BOOK REVIEW / Family portraits off the wall: 'My Parents' - Herve Guibert trs Liz Heron: Serpent's Tail, 8.99 pounds

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The Independent Culture
THE LATE Herve Guibert was obsessed with his parents: with their personal and sexual identities and with their marriage, entered into lovelessly to suppress a scandal, but held together by affection born of habit and a firm conviction that despair is immoral. A fine blend of autobiography and fiction is the hallmark of Guibert's writing: in his texts 'the I has a petty disguise in the identity of a fictional character'. This, his last book, records the little happenings, huge awakenings, betrayals and reconciliations of life with his parents.

The simplest objects are animated in Guibert's hands. He crafts a marvellous evocation of his babyhood love for a 'voluminous white woollen garment' like a security blanket, with its smothering 'nappy pappy smell' (wonder what the French for nappy pappy was?) - and then, treacherously, having the tired-out woollen thing tricked away from him down a rubbish chute: 'My first notion of death, my first contempt.'

He richly captures family smells, rituals, holiday treats, punishments, the baldness remedy of chestnuts, macerated rose petals and mashed banana he invented and rubbed hopefully into his father's shiny pate. He records childhood intoxications with all things theatrical, and Terence Stamp in particular. 'What do you see in this guy?' his father wants to know, but helps him in his quest for photographs nevertheless.

This is portraiture by anecdote. When he tells his parents he is gay, Mother does a bad performance of fainting and his father briskly asserts, 'You have to put this behind you now . . . It's time you acted like a real man with some young girl.' 'Hey presto' is Father's motto.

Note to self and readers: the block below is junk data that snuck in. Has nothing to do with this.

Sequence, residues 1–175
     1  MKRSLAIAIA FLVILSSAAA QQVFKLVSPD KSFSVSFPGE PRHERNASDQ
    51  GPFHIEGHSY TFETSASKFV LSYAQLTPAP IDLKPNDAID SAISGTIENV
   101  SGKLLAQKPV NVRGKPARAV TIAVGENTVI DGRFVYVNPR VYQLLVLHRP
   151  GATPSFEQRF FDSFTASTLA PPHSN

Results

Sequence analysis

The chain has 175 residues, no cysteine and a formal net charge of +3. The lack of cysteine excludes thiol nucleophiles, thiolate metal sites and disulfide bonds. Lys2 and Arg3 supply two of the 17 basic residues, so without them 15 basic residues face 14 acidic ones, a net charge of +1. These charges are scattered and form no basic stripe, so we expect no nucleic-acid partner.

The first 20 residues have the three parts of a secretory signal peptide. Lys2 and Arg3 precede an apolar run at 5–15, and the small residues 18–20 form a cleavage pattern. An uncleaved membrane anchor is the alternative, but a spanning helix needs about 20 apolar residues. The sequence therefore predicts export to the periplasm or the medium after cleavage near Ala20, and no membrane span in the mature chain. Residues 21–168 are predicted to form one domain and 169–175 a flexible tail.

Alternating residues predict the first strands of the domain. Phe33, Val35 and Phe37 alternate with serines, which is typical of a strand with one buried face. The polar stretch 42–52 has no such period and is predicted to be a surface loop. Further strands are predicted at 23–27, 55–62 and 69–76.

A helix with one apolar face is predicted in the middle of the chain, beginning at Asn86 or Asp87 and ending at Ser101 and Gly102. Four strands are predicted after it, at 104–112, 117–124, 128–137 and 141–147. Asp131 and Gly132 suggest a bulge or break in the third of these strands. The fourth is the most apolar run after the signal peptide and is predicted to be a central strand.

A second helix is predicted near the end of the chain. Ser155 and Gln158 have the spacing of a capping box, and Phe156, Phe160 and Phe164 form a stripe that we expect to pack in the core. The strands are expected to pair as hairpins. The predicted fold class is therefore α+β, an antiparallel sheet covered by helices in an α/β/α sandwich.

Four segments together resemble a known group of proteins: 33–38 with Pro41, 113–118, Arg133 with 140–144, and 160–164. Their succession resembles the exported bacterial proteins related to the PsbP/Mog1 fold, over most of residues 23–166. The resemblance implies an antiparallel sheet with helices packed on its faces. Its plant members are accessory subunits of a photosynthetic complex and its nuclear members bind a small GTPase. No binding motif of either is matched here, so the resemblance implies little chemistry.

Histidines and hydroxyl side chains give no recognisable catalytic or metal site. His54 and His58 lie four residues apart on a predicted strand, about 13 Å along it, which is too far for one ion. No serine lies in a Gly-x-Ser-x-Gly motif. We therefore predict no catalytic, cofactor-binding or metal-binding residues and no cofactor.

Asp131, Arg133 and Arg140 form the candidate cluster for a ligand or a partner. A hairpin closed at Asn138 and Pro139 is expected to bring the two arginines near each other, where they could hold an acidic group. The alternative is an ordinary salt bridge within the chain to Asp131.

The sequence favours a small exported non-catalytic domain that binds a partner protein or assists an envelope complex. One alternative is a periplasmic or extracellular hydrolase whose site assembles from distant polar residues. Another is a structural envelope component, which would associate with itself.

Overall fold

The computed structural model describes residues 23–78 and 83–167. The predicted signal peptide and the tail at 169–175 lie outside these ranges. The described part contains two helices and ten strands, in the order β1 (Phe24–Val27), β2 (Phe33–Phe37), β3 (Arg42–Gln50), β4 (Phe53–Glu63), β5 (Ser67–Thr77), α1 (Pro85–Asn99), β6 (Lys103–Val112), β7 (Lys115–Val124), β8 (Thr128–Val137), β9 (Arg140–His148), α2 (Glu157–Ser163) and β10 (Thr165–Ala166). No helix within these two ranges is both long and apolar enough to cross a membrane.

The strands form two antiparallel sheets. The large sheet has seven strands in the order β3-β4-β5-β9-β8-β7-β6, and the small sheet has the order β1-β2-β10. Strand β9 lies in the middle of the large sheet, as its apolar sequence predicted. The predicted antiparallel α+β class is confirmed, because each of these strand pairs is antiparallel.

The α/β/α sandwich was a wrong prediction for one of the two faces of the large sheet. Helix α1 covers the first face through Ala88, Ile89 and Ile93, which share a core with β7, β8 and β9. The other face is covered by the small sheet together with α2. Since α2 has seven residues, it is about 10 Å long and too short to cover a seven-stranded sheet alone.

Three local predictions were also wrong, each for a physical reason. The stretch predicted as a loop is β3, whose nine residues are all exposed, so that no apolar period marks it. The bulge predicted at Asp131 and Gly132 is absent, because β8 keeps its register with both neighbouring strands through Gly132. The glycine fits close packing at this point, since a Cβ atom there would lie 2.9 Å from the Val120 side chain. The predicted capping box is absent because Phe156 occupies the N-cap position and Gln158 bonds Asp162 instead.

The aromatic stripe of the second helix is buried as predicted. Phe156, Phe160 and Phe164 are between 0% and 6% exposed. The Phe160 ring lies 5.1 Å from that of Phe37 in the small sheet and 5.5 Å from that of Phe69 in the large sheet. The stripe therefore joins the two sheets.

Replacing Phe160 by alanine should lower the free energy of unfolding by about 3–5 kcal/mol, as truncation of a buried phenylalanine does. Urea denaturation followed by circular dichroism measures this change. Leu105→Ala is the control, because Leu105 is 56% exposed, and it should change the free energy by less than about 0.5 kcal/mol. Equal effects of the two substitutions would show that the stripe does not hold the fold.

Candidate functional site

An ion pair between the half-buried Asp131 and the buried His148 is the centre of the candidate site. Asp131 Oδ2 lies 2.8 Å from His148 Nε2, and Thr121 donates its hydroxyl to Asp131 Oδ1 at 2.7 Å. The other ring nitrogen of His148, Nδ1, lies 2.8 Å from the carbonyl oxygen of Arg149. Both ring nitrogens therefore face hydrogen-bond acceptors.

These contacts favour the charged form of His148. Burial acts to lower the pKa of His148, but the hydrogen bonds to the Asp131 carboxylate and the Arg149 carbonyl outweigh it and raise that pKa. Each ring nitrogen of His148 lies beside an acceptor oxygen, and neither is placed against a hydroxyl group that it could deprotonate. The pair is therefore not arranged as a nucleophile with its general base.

This couple in quilted nylon dressing-gowns are hard to reconcile with the blackguard that Father allegedly was in youth or the Mother who seduced a parish priest, which is the yarn spun at the novel's opening. Of course age can take the snap out of your celery, but one also suspects that the discrepancies indicate the join between roguish fiction and mellower fact. Latterly, Father is a fusspot much concerned about the brand names of his toiletries (he shared his choice of mouthwash with the Queen of Denmark), and Mother likes to remind them she would have gone places but for those varicose veins. Such details have a touching whiff of truth, as do Guibert's wild fluctuations between devotion and contempt, awe and boredom. The narrative itself, episodic throughout, does seem to come a little unstuck towards the end, the observation just as penetrating but increasingly disjointed.

To talk about a 'tragic' or 'untimely' death seems stupidly tautological: where are the comic or timely ones? But to lose this wonderful writer to Aids at the age of 36 is bitter. Thank goodness he left his vibrant prose behind.